This post is adapted from my IFLScience article of the same title originally published on 28/08/23
As I wait, shuffling nervously between the cramped shelves of Spiritualism for my psychic, Paula, to materialize from her sanctuary (the basement), I half-read the almost comically specific inscriptions of the “supernatural stones” the shop sells. “Bloodstone – A stone to overcome influences such as electromagnetic stress”. “Bronzite – known to protect against curses”. “Amethyst – guards against psychic attack”. If things go wrong downstairs, I may need this one.
Evidence of the popularity of soothsayers dates back many thousands of years to ancient Egypt, China, Chaldea, and Assyria. Today many of us deride these shamans as charlatans and their prediction practices as unreliable nonsense. But the amorphous desire to believe in extrasensory ability – some hazy awareness or reception of information perceived through means other than the usual senses – still finds willing vessels in many modern-day believers. Why, even in the face of modern scientific consensus to the contrary, do many still believe in the power of horoscopes, premonitions, and “psychics”?
Attempting to answer this question is what draws me to Spiritualism to have my fortune told by Paula. I am here to learn the tricks of the trade and to understand the everyday psychological spells that are cast on the willing victims of psychics.
As we sit down, Paula hands me a deck of Tarot cards and asks me to shuffle and select five at random. As she turns over the cards and begins to tell me about “the threads” she has “gathered from the gloom of the past”, it soon becomes apparent that she is conducting what is known as a “cold reading” on me. She doesn’t have any background information, so she is relying on extracting information from me to build her predictions.
The Barnum-Forer effect
Looking at the cards she has turned over, she begins by throwing me some compliments, telling me I am very “intuitive” and very “empathic”, that I “read people well”. These general platitudes are known as Barnum statements. Such statements were named for 19th-century American businessman, showman, and renowned psychological manipulator Phineas Taylor Barnum. Barnum, whose shows were filled with often elaborate hoaxes, is said to have claimed of his circus “we have something for everybody”. His sentiment nicely sums up the idea of a Barnum statement – a general personality characterization that could apply to almost anyone. Consider, for example, the following personality assessment:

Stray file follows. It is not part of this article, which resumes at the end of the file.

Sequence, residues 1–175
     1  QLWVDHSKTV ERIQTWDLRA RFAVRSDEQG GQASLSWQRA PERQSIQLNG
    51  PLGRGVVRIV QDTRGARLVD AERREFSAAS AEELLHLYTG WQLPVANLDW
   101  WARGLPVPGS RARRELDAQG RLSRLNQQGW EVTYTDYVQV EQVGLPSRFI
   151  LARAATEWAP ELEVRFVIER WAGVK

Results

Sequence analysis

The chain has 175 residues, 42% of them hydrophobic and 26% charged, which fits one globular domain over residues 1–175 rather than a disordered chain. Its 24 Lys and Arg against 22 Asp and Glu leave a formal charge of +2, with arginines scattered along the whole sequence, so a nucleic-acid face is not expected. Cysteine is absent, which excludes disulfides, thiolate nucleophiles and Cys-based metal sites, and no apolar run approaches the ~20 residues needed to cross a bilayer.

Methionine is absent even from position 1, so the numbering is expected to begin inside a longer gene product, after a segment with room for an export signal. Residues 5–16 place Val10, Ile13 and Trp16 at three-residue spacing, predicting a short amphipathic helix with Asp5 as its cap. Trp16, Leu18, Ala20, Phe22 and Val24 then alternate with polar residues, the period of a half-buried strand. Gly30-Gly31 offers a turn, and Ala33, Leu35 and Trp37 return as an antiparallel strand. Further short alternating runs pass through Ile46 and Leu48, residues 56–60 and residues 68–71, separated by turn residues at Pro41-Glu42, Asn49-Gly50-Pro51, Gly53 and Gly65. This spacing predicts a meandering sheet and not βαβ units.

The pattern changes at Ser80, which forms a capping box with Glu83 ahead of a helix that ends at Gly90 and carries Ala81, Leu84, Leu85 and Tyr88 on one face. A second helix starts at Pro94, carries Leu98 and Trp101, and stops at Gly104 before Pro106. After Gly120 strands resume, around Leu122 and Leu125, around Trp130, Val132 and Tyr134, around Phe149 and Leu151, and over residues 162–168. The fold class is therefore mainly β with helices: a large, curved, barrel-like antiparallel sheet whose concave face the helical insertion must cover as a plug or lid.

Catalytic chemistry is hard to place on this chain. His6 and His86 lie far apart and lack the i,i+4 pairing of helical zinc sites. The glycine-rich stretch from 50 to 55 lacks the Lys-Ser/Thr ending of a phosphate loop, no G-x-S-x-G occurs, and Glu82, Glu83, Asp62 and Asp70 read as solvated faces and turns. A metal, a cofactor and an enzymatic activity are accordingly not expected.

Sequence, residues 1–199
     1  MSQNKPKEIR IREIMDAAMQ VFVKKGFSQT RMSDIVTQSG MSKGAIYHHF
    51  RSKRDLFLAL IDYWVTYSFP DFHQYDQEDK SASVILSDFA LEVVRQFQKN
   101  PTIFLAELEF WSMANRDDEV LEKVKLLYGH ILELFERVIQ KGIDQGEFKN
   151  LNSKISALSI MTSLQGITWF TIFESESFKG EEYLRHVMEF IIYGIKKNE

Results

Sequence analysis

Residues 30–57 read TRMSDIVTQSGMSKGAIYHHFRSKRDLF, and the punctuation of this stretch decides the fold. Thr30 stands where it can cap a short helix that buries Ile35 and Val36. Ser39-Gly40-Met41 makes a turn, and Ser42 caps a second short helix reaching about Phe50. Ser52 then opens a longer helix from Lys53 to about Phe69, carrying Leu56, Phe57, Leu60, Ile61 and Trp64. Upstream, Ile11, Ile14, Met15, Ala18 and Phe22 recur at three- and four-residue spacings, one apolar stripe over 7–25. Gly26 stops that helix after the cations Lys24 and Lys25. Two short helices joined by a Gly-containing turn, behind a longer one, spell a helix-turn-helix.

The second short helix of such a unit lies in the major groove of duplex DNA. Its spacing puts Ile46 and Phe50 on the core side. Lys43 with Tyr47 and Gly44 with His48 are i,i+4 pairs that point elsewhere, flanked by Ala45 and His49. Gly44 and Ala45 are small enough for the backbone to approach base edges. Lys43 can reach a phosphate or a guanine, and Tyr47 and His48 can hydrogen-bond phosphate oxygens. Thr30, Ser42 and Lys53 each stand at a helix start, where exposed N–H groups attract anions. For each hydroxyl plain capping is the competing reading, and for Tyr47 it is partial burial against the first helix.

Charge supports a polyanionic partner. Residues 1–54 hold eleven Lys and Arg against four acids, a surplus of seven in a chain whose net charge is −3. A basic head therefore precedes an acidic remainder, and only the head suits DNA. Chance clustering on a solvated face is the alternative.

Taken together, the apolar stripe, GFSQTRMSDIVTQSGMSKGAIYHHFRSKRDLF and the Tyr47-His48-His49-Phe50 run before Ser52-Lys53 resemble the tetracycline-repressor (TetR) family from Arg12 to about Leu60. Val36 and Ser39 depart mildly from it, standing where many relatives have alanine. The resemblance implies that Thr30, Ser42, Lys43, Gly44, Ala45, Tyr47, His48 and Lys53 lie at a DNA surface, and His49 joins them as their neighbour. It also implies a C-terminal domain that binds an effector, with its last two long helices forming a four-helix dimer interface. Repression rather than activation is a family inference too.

You have a great need for other people to like and admire you. You have a tendency to be critical of yourself. You have a great deal of unused capacity which you have not turned to your advantage. While you have some personality weaknesses, you are generally able to compensate for them. Disciplined and self-controlled outside, you tend to be worrisome and insecure inside. At times you have serious doubts as to whether you have made the right decision or done the right thing.
It sounds pretty accurate, right? In fact, these are just a bunch of Barnum statements strung together and designed to elicit the Forer effect, a prevalent psychological trait in which the recipient of a general and vague personality assessment interprets it as if it were extremely personal and unique.
The effect is named after psychologist Bertram Forer who in 1948, after previously administering a personality test to each of his 39 students, gave them what he told them was an individualized personality description based on their results. When asked to rate the accuracy of the description on a scale from 0 to 5, the students gave an average score of 4.3 indicating that they believed the depictions Forer had come up with matched their personalities extremely well. Only later did Forer reveal that he had given each student exactly the same characterization, comprising many of the above statements, which he had taken directly from an astrology book.
Another of the statements Forer picked out for his students was the following:
At times you are extroverted, affable, sociable, while at other times you are introverted, wary, reserved.
As well as being a vague Barnum statement, this description is also an example of a cold-reading technique known as the rainbow ruse. By giving statements that comprise two or more opposing aspects of a given emotion or experience, at least one of which almost everyone will have encountered at different times in their lives, the rainbow ruse is a comprehensive catch-all. The statements are designed to cover the whole spectrum of an emotion or character trait from positive to negative, just as the rainbow separates white light into the full spectrum of colors from red to violet. Confirmation bias does the rest of the psychic’s work for them as our brains choose the aspect or aspects of the statements that best apply to us.